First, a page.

BATTLE CREEK, Mich. (WOOD) — Plans for a transportation authority in Calhoun County have taken a big step forward.
Transportation in Calhoun County can be hard to come by.
“If you’re not a senior or you’re not disabled, transportation is really hard to get in Calhoun County. A lot of people don’t want to own a car, they don’t want the stress of driving, a lot of people can’t afford one either. So without having access, there’s no other options,” said Doug Ferrall, Calhoun County assistant director of community development.
In response, five years ago the county launched a transit study.
“Really looking at what are neighboring counties doing and throughout Michigan what are counties doing? And they’re offering transportation and we really saw a need,” Ferrall said.
Thursday, with a 5-2 vote, the Calhoun County Board of Commissioners moved forward with creating The Transportation Authority of Calhoun County.
The Authority’s board, which is expected to consist mostly of elected officials, will have the ability to decide exactly what countywide transit looks like and how it’s funded.
“They’ll be the ones saying, do we need a millage to support that, and if so, at what level? That’s likely the case,” Ferrall said.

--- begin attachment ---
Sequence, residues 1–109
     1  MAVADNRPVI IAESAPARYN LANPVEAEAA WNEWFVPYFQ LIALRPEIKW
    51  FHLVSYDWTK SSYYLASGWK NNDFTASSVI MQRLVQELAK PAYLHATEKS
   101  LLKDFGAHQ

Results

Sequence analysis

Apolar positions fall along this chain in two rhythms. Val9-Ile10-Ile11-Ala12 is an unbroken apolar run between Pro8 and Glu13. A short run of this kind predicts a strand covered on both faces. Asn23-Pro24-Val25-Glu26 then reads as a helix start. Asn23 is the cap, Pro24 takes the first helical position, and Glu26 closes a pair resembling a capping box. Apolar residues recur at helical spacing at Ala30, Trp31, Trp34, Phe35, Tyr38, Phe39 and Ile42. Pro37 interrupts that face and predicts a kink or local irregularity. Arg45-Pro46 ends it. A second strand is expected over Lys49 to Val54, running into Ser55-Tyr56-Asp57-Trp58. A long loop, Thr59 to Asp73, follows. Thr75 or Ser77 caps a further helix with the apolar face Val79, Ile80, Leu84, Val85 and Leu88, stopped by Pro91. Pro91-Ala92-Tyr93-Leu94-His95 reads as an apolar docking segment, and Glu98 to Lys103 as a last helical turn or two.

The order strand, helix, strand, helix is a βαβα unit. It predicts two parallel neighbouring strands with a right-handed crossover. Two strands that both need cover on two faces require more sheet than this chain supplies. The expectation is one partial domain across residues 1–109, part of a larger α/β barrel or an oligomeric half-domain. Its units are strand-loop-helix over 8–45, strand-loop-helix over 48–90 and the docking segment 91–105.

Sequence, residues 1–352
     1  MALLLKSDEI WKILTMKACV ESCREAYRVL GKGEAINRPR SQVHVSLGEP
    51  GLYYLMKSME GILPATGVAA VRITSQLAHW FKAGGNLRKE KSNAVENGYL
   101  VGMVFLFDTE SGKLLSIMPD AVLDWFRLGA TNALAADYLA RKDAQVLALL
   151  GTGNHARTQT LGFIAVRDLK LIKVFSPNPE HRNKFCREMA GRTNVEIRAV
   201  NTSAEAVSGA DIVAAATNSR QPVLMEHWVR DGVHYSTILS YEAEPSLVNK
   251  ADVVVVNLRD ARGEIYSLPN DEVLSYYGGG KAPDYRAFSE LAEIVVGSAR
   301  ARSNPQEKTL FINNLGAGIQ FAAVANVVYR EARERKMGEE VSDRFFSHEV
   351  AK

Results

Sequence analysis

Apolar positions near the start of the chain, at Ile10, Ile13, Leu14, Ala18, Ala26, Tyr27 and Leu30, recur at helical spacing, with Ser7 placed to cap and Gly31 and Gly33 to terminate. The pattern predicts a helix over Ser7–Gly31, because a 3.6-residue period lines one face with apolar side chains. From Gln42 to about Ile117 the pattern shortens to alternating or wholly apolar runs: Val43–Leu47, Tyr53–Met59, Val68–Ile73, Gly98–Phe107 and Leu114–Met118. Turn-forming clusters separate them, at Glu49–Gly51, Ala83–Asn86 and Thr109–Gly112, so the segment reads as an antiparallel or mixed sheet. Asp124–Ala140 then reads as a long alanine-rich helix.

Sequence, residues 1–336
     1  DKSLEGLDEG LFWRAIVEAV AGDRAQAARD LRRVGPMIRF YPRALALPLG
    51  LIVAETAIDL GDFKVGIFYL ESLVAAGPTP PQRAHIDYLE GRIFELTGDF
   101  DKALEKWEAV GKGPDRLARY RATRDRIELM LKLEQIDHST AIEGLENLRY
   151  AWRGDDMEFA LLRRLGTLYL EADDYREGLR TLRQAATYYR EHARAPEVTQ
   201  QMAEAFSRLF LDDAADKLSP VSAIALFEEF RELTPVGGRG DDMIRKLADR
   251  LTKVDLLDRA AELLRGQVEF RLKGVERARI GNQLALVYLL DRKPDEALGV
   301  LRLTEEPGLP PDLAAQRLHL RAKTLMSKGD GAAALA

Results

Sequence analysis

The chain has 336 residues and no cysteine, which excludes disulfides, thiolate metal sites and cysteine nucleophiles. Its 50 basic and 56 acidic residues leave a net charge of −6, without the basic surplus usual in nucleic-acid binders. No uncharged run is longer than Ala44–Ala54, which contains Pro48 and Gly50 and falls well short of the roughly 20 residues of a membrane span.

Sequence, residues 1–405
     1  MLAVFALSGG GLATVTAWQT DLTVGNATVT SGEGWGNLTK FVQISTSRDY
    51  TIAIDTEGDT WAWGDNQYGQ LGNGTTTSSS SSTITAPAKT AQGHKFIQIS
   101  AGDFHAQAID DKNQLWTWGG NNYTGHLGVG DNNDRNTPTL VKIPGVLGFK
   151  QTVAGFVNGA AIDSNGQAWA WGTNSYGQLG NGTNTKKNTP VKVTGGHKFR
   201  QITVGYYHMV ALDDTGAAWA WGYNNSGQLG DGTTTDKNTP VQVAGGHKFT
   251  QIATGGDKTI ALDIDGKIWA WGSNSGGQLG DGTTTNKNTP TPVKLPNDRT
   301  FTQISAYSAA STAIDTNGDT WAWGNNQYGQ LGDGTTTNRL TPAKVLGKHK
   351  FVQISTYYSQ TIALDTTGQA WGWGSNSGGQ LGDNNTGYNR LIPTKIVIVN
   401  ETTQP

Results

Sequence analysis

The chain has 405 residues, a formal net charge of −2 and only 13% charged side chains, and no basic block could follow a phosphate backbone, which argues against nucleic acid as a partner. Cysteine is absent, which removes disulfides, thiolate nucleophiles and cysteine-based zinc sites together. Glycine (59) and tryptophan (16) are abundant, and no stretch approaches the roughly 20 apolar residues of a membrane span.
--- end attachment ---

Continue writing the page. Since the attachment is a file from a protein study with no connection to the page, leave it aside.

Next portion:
Ferrall said the TACC will work with Battle Creek and Marshall’s transit systems to create one consolidated service.
Fixed route buses in Battle Creek will continue, but he imagines transportation throughout the rest of the county looking similar to the BCGo pilot program.
“Providing county transportation authority is going to look like having vans, smaller vehicles, going around the county,” Ferrall said.
During Thursday’s commissioners’ meeting, some community members said they’re all for the plan.
“I see a big opportunity for single people, for young families, for senior citizens to have dependable, public transportation options,” said a resident in support of the TACC.
Some others at the meeting said they’re worried about tax implications.
“I’d like to see things that actually get really close to breaking even so the taxpayer isn’t footing the bill,” said a resident in opposition to the TACC.
Ferrall added that municipalities will have the ability to opt out of the transportation authority and they must do so by Oct. 9.
“That means they wouldn’t be able to have riders come in or leave their community,” Farrell said. “But it also means they wouldn’t be taxed if a millage was put on the ballot.”
If a millage is needed, it would likely go on the ballot in August 2024.